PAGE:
Young Canadians are searching for ways to set some serious cash aside for their retirement.
In the past, there wasn’t as much of a concern, as most people secured good full-time jobs with generous pensions plans right out of college or university. In addition, houses were more affordable and the steep rise in prices over the past 20 years means the family home has become a retirement safety net.
Today, full-time jobs with great pensions are harder to find for new grads, and home prices are at a point where relying on the house to generate wealth might not work out the way it has for the older GenX crowd and the Boomers.
Fortunately, young Canadians have other options to help them build a comfortable retirement fund. One popular strategy involves buying top-quality dividend-growth stocks inside a TFSA and using the dividends to purchase additional shares. This takes advantage of a powerful compounding process that can turn a modest initial investment into a substantial sum over time.
TD reported fiscal Q2 2018 adjusted net income of $3.06 billion. That’s right, the bank makes about $1 billion per month in profit.
TD is primarily known for its Canadian operations, and the Canadian retail banking group produces the largest part of the company’s profits, but TD also has a large business in the United States.
In fact, the company has spent billions to build the American operations and now has more branches south of the border than it does in Canada. The U.S. retail banking segment contributed $1.05 billion in adjusted fiscal Q2 net income.
TD has a compound annual dividend growth rate of better than 10% over the past two decades and already raised the payout by 11.7% in 2018.
Investors should see the trend continue in step with rising earnings per share (EPS). TD’s guidance is for medium-term EPS growth of 7-10%, but the company tends to be conservative in the outlook.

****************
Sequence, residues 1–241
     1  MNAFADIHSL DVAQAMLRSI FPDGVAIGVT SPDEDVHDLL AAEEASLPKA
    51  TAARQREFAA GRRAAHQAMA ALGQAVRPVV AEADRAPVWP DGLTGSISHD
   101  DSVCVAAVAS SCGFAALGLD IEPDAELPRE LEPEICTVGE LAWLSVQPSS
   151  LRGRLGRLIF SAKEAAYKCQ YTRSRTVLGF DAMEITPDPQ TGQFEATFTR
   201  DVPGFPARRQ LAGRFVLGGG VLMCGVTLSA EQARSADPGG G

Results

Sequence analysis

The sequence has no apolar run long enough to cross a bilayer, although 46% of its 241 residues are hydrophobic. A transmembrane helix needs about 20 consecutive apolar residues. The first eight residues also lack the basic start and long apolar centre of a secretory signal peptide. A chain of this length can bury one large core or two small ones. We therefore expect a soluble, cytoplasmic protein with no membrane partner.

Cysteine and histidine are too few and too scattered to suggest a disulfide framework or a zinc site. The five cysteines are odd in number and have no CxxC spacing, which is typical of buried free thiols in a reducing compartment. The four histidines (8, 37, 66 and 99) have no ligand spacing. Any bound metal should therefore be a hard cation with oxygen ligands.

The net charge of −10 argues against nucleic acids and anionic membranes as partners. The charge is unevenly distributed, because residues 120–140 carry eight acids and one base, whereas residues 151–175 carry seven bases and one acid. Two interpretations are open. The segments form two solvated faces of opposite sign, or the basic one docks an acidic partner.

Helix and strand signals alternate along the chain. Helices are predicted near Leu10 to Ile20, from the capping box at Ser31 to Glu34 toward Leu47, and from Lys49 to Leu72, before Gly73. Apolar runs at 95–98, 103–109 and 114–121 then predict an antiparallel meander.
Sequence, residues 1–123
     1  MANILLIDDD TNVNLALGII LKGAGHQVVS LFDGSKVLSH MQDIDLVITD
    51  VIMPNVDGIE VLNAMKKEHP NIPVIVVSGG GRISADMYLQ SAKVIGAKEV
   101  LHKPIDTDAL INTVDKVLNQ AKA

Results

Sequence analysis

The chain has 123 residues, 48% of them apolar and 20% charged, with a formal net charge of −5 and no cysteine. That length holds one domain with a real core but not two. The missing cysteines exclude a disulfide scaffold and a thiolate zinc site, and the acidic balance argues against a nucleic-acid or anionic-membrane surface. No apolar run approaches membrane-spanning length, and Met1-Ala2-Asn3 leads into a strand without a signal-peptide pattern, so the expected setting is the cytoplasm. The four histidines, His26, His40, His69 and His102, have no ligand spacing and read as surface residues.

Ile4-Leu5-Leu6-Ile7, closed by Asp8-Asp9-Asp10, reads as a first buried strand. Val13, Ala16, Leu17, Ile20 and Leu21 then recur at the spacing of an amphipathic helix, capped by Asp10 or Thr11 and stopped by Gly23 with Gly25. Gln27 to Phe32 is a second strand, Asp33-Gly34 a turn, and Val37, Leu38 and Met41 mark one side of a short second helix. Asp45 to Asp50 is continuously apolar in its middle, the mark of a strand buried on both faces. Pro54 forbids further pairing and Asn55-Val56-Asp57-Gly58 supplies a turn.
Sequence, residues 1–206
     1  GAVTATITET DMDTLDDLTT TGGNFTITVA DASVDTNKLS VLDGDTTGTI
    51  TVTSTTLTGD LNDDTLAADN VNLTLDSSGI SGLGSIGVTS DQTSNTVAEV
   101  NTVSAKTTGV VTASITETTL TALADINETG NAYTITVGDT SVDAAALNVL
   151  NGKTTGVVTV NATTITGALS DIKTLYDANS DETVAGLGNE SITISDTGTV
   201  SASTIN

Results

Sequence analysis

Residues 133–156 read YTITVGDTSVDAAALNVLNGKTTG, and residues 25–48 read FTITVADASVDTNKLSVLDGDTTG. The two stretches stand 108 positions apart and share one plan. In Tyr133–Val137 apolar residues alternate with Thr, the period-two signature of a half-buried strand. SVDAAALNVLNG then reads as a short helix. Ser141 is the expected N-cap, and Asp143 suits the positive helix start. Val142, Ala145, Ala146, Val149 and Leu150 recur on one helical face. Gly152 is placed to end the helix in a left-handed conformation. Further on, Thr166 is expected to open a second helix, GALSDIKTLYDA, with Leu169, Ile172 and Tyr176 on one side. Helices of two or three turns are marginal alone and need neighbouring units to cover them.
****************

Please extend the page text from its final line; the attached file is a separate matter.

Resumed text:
The current payout provides a yield of 3.5%.
Rising interest rates could start to cool down mortgage growth and even put some homeowners in a situation where they might have to sell their properties when the time comes to renew their loans. As a result, some pundits are concerned the banks could be in for a rough ride.
A total meltdown in house prices would certainly be negative, but most analysts see a soft landing and TD’s mortgage portfolio is capable of riding out a downturn. The loan-to-value ratio on the uninsured mortgages is 52%.
Overall, higher interest rates tend to be positive for the banks.
A $10,000 investment in TD just 20 years ago would be worth about $90,000 today with the dividends reinvested.
Should you buy?
The U.S. operations provide a nice hedge against a potential downturn in Canada, and TD is widely viewed as the safest pick of the Canadian banks. If you’re looking for a market leader to start a buy-and-hold dividend-focused TFSA retirement portfolio, TD deserves to be on your radar.